Why do PBS and KNPR receive public funding?
That’s the question raised yesterday by Cato’s David Boaz, who calls PBS “a public menace.” He raises some great points about the television station’s questionable obsolescence:
What, in a world of hundreds of radio and TV channels, is so special about PBS and NPR that they should get $420 million a year of taxpayers’ money?
When I was a boy growing up in western Kentucky, with three TV networks, it was understandable that people thought an “educational” network would add something important. But my brother’s kids in that same little town later had access to hundreds of cable stations.
PBS used to ask, “If not PBS, then who?” The answer now is: HBO, Bravo, Discovery, History, History International, Science, Planet Green, Sundance, Military, C-SPAN 1/2/3 and many more.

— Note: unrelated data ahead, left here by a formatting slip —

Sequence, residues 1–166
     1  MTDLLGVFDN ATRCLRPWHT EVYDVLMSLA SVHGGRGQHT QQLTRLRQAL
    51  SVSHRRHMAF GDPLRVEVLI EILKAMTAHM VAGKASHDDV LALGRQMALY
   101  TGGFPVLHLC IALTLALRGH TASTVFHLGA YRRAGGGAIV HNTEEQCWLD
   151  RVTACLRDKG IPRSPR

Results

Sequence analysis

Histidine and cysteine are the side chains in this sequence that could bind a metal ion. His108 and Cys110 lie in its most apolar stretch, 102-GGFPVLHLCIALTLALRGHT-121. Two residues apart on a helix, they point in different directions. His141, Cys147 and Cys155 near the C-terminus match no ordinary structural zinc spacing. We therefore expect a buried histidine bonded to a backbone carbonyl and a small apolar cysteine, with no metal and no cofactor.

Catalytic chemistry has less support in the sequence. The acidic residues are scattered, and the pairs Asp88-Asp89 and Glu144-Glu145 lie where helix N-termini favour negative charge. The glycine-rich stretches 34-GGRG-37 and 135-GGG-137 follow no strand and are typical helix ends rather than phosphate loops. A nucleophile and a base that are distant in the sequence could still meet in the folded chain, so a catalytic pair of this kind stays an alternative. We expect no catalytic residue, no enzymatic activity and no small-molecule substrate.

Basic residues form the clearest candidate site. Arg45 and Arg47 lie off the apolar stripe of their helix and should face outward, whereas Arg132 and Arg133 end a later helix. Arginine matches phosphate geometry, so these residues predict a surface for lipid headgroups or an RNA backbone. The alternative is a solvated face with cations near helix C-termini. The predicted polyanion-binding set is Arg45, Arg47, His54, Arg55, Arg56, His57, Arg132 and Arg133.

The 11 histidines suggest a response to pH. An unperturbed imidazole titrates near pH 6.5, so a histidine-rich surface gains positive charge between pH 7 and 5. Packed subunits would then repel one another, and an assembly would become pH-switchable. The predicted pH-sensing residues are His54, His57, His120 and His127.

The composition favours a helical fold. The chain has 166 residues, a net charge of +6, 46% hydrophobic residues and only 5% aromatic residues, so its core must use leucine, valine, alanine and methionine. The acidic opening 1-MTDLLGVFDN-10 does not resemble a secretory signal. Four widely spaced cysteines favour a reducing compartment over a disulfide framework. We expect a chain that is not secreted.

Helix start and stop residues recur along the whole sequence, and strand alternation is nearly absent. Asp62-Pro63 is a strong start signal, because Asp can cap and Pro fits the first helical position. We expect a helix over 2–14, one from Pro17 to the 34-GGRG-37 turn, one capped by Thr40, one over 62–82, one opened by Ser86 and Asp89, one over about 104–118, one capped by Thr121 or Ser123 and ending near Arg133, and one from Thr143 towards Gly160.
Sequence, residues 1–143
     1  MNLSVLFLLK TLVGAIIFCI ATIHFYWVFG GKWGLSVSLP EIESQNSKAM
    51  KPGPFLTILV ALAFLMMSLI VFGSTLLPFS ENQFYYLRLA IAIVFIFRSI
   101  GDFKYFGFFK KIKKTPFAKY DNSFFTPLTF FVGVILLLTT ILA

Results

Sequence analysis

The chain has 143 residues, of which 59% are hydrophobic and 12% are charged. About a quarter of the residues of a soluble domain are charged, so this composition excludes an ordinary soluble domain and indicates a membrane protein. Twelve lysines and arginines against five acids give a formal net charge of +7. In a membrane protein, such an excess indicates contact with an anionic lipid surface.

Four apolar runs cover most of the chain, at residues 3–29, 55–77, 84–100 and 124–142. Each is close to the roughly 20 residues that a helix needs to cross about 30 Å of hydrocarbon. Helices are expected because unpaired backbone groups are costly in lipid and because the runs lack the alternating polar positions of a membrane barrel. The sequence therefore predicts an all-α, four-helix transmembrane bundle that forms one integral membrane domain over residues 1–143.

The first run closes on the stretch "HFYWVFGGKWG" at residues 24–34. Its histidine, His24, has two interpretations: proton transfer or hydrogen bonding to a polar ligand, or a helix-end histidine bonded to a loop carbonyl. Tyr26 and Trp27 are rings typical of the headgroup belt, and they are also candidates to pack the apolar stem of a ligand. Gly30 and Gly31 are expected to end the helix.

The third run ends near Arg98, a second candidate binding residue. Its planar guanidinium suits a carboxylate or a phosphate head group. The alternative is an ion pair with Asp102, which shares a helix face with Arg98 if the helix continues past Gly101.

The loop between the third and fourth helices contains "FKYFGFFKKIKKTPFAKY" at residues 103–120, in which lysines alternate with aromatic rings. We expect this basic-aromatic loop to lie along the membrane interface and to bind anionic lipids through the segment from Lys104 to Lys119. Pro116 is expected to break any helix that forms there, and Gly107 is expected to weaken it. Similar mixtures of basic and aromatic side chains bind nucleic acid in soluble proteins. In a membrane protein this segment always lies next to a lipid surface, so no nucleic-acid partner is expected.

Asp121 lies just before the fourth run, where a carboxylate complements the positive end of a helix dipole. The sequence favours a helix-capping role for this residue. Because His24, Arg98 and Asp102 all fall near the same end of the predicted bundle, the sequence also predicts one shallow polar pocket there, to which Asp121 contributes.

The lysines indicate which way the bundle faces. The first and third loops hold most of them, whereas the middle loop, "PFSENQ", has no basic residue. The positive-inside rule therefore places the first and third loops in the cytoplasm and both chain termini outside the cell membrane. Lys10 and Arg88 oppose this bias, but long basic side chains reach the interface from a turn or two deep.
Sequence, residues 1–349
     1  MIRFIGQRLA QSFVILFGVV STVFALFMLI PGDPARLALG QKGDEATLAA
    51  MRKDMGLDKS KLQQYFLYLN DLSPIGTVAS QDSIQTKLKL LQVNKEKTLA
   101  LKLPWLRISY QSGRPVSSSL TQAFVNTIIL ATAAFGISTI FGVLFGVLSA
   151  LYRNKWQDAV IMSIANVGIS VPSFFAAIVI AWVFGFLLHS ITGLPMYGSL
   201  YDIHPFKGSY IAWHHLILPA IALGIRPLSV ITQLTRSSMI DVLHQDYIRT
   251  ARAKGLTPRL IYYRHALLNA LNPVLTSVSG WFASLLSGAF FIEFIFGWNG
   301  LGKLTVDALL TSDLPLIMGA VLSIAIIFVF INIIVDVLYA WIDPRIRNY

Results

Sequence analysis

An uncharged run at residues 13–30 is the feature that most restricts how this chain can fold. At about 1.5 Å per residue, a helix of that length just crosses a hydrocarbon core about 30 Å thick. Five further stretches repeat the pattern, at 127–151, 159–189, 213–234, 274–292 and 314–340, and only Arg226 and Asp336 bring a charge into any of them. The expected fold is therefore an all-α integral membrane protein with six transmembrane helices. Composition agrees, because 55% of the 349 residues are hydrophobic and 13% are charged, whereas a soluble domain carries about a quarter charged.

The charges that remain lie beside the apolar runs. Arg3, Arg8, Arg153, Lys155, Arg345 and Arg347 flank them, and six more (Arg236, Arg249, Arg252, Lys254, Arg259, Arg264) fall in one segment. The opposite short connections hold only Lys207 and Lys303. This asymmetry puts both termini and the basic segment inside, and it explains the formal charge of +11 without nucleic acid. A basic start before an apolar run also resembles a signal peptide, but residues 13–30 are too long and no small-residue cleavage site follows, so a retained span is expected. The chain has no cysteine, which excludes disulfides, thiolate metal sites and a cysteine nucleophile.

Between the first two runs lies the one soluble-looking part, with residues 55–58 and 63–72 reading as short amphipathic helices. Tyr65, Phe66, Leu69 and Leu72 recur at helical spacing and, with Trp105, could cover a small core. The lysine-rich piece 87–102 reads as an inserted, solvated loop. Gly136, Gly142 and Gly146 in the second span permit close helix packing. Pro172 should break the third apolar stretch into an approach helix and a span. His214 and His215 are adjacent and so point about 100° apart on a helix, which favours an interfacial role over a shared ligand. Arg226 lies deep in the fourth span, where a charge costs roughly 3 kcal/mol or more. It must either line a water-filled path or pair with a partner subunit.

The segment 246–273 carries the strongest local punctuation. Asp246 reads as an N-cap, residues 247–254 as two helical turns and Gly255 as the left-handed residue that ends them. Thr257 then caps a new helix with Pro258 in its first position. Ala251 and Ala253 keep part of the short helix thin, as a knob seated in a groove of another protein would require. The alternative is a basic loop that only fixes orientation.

Further, Boaz highlights that KNPR listeners are statistically much more affluent than the average American and asks why working- and middle-class taxpayers should be forced to subsidize the news and entertainment preferences of the rich. Good question – but subsidies for KNPR are but one of many regressive wealth transfers effected by federal and state governments. Others include: the Fed’s inflationary policies that transfer real wealth holdings from American households to wealthy Wall Street bankers and the US Treasury, farm subsidies, subsidized universities, renewable energy subsidies and a plethora of other government programs designed to plunder the working and middle classes for the benefit of special interests.